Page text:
Situated on a hill at 211 metres above sea level and surrounded by beautiful landscapes, Alcalá de los Gazules is located in the centre of Cadíz province, between the mountains and the sea . One of the ‘pueblos blancos’ or white villages, with steep streets and typically Andalucían houses that are clean and well preserved; there are bright spacious squares and monuments, architecture and local traditions are well respected. In recognition of this, in 1984 the maze of winding streets at the centre of the town was officially granted the status of ‘conjunto histórico-artistico’, an area of special historical and artistic interest. This award acknowledges the extraordinary examples of baroque, neo-classical, eclectic and popular architectural styles and the for the way in which the town’s Andalusian character and appearance has been preserved.
There are some excellent restaurants within the town, where you can taste the local food specialities: hot soup, and scrambled eggs with asparagus and locally-hunted venison; the locally made cheese is sold in the town.
The town has a long and rich cultural history and can trace its roots back to the Paleolithic era with local cave paintings. The earliest Roman inscription in the Iberian Peninsula was found here, the bronze Lascuta (189AD), that is now in the Louvre Museum in Paris. As the Roman empire weakened, the Vandals moved in and renamed the area Valdalusia but they lasted only twenty years, 409 – 429. They were followed by the Visigoths who changed the character of the area and left behind the impressive tower, the Torre Mesa de Esparragal and the Ermita de los Santos Nuevos, which no longer exists.
Following the Arab invasion the town became known as ‘Qualat at Yazula’ (Castillo de los Gazules) when it was given to an aristocratic Berber family, the Gazu, by the King of Granada and subsequently became a part of the Algeciras region. In 1264 the town was recaptured by Alfonso X and was recorded in his chronicles as Alcalá de los Gazules for the first time.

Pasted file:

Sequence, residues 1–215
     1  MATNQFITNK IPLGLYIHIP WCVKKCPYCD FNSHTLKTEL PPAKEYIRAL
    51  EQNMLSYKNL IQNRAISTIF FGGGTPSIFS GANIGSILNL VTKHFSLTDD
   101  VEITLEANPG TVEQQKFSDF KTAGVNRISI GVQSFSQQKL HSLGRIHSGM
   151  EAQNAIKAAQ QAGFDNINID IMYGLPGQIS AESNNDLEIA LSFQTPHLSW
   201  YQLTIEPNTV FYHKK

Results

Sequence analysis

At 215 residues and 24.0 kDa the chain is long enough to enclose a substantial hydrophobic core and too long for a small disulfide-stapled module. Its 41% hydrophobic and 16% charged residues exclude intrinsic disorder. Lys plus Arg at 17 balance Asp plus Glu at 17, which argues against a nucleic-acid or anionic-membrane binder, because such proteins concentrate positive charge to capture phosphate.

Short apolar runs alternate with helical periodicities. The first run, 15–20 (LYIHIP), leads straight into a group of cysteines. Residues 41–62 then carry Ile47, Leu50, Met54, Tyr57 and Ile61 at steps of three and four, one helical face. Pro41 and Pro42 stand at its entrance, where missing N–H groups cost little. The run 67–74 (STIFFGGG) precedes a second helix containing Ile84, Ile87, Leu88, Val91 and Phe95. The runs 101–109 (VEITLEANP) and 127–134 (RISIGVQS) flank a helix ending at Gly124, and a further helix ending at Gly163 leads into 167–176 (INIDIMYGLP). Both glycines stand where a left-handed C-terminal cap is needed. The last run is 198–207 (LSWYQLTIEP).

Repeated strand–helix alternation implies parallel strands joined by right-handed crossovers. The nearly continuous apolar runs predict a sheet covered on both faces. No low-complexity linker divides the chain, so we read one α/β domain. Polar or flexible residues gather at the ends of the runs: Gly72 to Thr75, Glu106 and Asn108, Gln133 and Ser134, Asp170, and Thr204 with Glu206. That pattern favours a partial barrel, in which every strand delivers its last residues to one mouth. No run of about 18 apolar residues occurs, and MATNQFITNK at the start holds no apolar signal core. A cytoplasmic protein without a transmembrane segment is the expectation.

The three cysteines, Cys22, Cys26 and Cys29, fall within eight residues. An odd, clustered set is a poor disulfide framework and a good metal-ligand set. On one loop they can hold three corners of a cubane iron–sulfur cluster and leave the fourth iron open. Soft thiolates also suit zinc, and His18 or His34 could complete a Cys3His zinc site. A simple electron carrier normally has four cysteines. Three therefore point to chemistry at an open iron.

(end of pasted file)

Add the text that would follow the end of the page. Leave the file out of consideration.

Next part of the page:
For many years, until the catholic Ferdinand and Isabella took control of the last Muslim kingdom in the south of Spain at the end of the 15th century , there was a demarcation line between the Islamic and Christian regions, along which sat towns that are now known as the ‘pueblos blancos’, the white towns, and Alcalá was on the border between them. Many of these towns were fortified and Alcalá has a number of towers around its perimeter, now fallen into disrepair.
Following the catholic consolidation in Spain, many mosques were knocked down and in Alcalá, the famous church of San Jorge in the top square was built during the mid-16th century on top of the ruins of the old mosque.
During the Peninsular wars in 1809 a mounted militia from Alcalá made a successful ambush on some nearby French troops. A year later General Manbourg’s troops took revenge by cutting the throats of the entire population and blowing up the castle.
In June 1876 King Alfonso XII awarded Alcalá the status of Ciudad, as acknowledgement of its population numbers and the growth of its commerce and industry.
The town is located with in the Alcornocales Natural Park and 9km from it is the recreation area of “El Picacho”, named for its mountain, the highest peak of the Algorrobo mountain range. Here there are some lovely marked walking trails, an ecological research center, an area for outdoor camping, and a mountain lodge ” Picacho Forest Refuge”, where you can stay and enjoy activities such as hiking, climbing, canoeing, canyoning, camping, hiking or riding on mules, bungee jumping and mountain biking.
Local crafts include saddlery and the making of riding boots, and the manufacture of wooden household utensils such as dornillos, made from ash wood.
location and access
Alcalá is located in the Tourist Route del Toro; it is 68 kms from Cadiz, 55 km from Jerez, 55kms from Algeciras and 172kms from Malaga.